Combined Heat and Power systems move to the
head of the class
CHP proves a good fit for school systems looking to conserve both energy and cash
While school is out for summer, there are still lessons to be learned at Windham High School in Willimantic, CT. The math and science behind an Aegis Energy, EDF Group Combined Heat and Power system is proving that CHP is a viable solution for school districts looking to conserve energy and save on fuel costs.
Combined Heat and Power (CHP), also known as cogeneration, is an efficient, clean, and reliable technology which simultaneously generates electricity and thermal energy from a single fuel source. By installing a CHP system designed to meet the thermal and electrical base loads of a facility, CHP can greatly increase the facility’s operational efficiency and decrease energy costs.
In 2008, Aegis installed two ThermoPower CHP units that collectively provide 150kw of power to the school. An analysis of the system showed the installation has provided an approximate annual savings of $119,000 for the Windham Public Schools system.
That is a simple math lesson that hasn’t gone unnoticed by Wayne Donaldson.
“It has reduced our electricity costs,” said Donaldson, the Director of Buildings and Grounds for the Windham Public Schools. “The cost of natural gas is less than electricity and that has had the largest impact.”
The Aegis system provides electricity for the high school, and also heats the Olympic-sized swimming pool.
“We use the pool year-round,” said Donaldson. “The swim team uses it for training and to a lesser degree it is used for community events.
The Aegis Energy, EDF Group CHP systems include a natural gas-fueled engine, induction generator, microprocessor control panel, protective switchgear, and heat recovery equipment. Each cogen module is enclosed in a sound attenuated cover and can be installed indoors or outdoors.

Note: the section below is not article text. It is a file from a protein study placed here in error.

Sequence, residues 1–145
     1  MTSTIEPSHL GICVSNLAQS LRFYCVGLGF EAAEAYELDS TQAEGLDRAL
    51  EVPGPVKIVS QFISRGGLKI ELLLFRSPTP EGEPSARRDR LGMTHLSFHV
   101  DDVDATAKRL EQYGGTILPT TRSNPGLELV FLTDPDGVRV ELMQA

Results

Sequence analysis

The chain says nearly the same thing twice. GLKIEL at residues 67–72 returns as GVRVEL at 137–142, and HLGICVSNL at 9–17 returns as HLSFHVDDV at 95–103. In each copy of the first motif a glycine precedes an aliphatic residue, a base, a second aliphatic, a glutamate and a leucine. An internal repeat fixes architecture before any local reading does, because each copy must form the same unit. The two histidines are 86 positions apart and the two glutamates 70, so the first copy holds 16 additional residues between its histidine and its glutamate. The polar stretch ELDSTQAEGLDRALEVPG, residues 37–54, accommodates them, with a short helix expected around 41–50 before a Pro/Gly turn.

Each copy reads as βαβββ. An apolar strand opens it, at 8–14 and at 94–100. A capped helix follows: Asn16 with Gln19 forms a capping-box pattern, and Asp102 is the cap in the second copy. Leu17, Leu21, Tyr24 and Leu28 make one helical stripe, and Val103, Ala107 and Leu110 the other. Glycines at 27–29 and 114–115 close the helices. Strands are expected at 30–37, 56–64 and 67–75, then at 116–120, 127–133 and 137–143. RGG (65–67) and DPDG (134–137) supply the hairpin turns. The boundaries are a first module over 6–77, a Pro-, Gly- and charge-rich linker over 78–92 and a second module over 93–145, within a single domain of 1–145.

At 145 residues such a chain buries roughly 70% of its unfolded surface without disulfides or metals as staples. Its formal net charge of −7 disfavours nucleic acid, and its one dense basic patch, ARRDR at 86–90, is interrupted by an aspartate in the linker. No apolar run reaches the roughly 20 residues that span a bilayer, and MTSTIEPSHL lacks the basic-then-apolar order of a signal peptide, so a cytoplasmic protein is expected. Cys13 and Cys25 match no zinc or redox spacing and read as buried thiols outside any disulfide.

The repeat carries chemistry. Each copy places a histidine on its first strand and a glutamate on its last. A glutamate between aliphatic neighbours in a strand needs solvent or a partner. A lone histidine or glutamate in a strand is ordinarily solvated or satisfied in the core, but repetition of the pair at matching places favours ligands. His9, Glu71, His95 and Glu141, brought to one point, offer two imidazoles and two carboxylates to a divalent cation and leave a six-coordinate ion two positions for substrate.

Donaldson, who came into his position after the Aegis Energy, EDF Group CHP system was already installed, admits to not being as attuned to the science of the system.
“I am learning more and more every day,” he said. “But it is a pretty hands-free system as far as we are concerned. Aegis Energy, EDF Group monitors and maintains the system.”
School systems, historically strapped for cash and often marked for harsh cuts come budget time, can also benefit from CHP through Aegis Energy, EDF Group’ Shared Savings program. The program allows clients to take advantage of energy cost savings from an Aegis Combined Heat and Power system regardless of their capital improvement budget. Aegis Energy, EDF Group is responsible for the total installation and operating costs of the system. Through the host site’s purchase of electricity, at a discount from prevailing utility rates, and purchase of heat, Aegis is able to amortize the capital cost of the equipment.
Windham High School’s CHP system is also capable of operating in the event of a grid failure, and has provided heat and electricity during the blackouts of the past few years. The school is designated as a “place of refuge” because of its ability to continue operating even during a power outage. The blackout load in this case includes heat for comfort and electricity for the cafeteria in order to feed large numbers of people in event of a utility grid failure.
Currently, Aegis Energy, EDF Group has a roster of more than 30 schools that have utilized the innovative Combined Heat and Power systems. The list of schools includes high schools like Windham High School, elementary schools like Auburn Middle School in Auburn, NY, and colleges like the Massachusetts College of Liberal Arts in North Adams, MA.